It’s a month until the Brighton Fringe Festival kicks off, and I’ve been buying lots of tickets. The thing I’m most looking forward to is How to be Fat, a one-woman show by my friend Mathilda, one of the organisers of Slash/Night. From what I’ve been told so far this will be funny and provocative. She’s been blogging about her preparations, including how to be on a Diet.
Another highlight is the Late Show: Election Night Special, which will be screen the election results until 9 in the morning. I love election broadcasts, even if they’re likely to go the way I want. Hopefully I can book Friday May 8th off work, as I won’t be getting any sleep the night before. Apparently (the award-winning) Chris Parkinson is involved with this show in some manner.
I met Bill Jones through the Short Fuse nights many years ago. I loved his work and invited him to perform at a night I ran. He moved away to Stroud but is returning to Brighton with his show Graveside Manner. Another poet is John Osborn, performing his first show. John’s poem ‘Most people aren’t that happy anyway’ is one of my favourite poems.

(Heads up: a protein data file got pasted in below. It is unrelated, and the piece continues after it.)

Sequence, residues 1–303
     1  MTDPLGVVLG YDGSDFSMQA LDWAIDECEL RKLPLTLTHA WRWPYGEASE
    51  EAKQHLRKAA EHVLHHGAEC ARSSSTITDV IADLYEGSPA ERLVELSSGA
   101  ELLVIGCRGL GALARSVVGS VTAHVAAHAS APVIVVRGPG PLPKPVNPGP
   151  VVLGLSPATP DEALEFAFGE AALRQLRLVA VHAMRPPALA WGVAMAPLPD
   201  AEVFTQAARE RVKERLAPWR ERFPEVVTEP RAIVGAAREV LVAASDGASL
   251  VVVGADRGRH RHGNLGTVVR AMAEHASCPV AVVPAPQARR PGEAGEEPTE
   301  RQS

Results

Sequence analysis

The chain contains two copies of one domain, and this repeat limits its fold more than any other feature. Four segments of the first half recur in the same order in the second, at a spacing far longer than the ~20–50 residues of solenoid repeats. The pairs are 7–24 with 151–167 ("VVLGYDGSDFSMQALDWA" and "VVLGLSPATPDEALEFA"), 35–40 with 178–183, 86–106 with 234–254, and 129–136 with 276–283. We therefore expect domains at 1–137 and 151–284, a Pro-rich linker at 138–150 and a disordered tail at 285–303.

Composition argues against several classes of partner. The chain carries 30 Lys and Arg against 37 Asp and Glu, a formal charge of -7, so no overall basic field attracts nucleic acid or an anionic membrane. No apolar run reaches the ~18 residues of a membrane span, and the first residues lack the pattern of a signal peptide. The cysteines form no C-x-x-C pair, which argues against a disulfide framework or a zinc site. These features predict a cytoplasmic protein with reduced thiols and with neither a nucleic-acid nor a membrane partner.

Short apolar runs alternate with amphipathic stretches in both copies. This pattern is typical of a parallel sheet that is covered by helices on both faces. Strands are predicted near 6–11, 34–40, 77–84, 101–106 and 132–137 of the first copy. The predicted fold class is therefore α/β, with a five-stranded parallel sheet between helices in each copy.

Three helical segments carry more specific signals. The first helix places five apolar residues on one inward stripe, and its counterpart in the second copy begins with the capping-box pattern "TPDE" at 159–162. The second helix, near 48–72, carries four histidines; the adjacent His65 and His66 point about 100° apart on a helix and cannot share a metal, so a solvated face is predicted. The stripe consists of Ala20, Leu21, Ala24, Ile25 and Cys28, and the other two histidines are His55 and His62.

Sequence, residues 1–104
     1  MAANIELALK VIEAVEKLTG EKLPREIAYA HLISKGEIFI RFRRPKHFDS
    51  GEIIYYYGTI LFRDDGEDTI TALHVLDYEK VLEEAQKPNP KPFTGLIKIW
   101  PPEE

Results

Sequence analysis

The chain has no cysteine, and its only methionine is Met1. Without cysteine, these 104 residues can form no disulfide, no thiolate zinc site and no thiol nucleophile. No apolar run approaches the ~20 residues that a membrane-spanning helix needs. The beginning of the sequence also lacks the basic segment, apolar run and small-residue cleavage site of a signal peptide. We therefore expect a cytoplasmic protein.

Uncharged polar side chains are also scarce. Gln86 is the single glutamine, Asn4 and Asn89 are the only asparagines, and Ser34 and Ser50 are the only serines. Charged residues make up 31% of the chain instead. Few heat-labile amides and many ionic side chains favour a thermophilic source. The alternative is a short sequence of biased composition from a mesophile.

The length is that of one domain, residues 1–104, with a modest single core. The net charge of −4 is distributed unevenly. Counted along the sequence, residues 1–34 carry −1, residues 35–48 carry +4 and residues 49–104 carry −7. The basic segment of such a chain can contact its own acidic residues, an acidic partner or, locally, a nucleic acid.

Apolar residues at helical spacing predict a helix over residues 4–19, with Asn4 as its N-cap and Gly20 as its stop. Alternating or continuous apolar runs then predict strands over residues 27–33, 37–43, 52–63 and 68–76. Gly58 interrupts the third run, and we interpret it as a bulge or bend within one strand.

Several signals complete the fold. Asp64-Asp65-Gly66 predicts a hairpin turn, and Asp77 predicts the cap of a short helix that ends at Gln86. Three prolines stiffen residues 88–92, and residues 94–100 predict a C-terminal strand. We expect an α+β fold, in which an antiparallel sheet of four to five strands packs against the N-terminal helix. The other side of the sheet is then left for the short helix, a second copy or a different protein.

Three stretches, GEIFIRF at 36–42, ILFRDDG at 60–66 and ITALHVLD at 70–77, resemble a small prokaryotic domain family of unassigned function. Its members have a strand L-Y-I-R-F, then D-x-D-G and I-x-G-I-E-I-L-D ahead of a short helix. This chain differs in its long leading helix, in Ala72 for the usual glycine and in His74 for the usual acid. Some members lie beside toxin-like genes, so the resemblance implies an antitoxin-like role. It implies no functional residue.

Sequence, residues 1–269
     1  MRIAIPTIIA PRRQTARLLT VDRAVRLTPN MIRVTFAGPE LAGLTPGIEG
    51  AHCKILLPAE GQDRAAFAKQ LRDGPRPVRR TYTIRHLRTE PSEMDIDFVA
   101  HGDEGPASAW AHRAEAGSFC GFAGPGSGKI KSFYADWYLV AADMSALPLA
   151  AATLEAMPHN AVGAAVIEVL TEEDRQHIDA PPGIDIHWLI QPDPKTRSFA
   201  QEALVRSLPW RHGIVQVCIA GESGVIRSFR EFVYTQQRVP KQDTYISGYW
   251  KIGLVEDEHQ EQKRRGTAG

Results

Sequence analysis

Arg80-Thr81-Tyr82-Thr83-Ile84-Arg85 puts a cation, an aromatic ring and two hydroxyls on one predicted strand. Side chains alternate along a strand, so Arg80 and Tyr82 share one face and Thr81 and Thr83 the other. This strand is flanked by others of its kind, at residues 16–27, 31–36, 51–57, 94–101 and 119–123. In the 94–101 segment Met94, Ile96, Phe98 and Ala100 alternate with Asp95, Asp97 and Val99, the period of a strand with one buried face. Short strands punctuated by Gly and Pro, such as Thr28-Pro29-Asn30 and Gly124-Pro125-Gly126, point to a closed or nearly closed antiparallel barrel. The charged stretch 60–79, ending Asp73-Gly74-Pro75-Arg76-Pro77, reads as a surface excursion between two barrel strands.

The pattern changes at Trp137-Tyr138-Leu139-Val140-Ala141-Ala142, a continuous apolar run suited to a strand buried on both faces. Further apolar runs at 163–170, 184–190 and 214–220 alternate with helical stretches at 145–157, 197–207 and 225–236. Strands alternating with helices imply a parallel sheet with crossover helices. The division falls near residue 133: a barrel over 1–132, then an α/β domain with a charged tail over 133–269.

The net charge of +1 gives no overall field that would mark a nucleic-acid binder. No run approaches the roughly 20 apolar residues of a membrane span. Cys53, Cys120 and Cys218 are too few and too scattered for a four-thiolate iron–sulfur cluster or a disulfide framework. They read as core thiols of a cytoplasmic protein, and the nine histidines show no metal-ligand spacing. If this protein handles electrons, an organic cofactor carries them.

Two things I’ve booked based on the fringe ads are The Skeleton Coast and What’s in the Punch. The first of these is a talk about an expedition along the Skeleton Coast, a brutal stretch of African coastline. What’s in the Punch is a play about the 352-year-old Mr. Punch being in a nursing home.
As ever, the Odditorium, curated by the Infamous Dr. Bramwell, offers a variety of different topics. I’ve booked tickets to their Lost Worlds of Albion and Occult Brighton events. At the end of the month I’ll be one of the speakers at the Death in Brighton event. The Spiegeltent is also hosting club nights by Copperdollar and Dynamite Booglaoo.
On top of all this, puppeteer Daisy Jordan has just announced a new show with Jane Bom-bane featuring “song, puppetry and untold surprise” which I need to fit in somehow. This looks like being a very good fringe.